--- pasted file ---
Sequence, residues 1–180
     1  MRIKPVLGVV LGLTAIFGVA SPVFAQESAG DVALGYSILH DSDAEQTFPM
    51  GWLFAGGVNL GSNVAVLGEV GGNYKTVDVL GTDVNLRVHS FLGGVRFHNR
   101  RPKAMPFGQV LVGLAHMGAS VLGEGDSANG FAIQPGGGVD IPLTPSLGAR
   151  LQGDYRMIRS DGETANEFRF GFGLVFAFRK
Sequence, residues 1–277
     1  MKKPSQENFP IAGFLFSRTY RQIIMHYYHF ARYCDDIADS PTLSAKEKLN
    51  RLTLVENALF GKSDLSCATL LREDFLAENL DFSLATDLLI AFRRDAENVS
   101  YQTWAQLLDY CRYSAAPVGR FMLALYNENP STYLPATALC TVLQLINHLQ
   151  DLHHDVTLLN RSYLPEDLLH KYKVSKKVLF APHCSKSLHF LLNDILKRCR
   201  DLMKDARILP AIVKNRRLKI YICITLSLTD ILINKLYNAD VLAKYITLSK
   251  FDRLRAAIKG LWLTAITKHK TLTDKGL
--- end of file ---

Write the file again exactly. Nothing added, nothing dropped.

Sequence, residues 1–180
     1  MRIKPVLGVV LGLTAIFGVA SPVFAQESAG DVALGYSILH DSDAEQTFPM
    51  GWLFAGGVNL GSNVAVLGEV GGNYKTVDVL GTDVNLRVHS FLGGVRFHNR
   101  RPKAMPFGQV LVGLAHMGAS VLGEGDSANG FAIQPGGGVD IPLTPSLGAR
   151  LQGDYRMIRS DGETANEFRF GFGLVFAFRK
Sequence, residues 1–277
     1  MKKPSQENFP IAGFLFSRTY RQIIMHYYHF ARYCDDIADS PTLSAKEKLN
    51  RLTLVENALF GKSDLSCATL LREDFLAENL DFSLATDLLI AFRRDAENVS
   101  YQTWAQLLDY CRYSAAPVGR FMLALYNENP STYLPATALC TVLQLINHLQ
   151  DLHHDVTLLN RSYLPEDLLH KYKVSKKVLF APHCSKSLHF LLNDILKRCR
   201  DLMKDARILP AIVKNRRLKI YICITLSLTD ILINKLYNAD VLAKYITLSK
   251  FDRLRAAIKG LWLTAITKHK TLTDKGL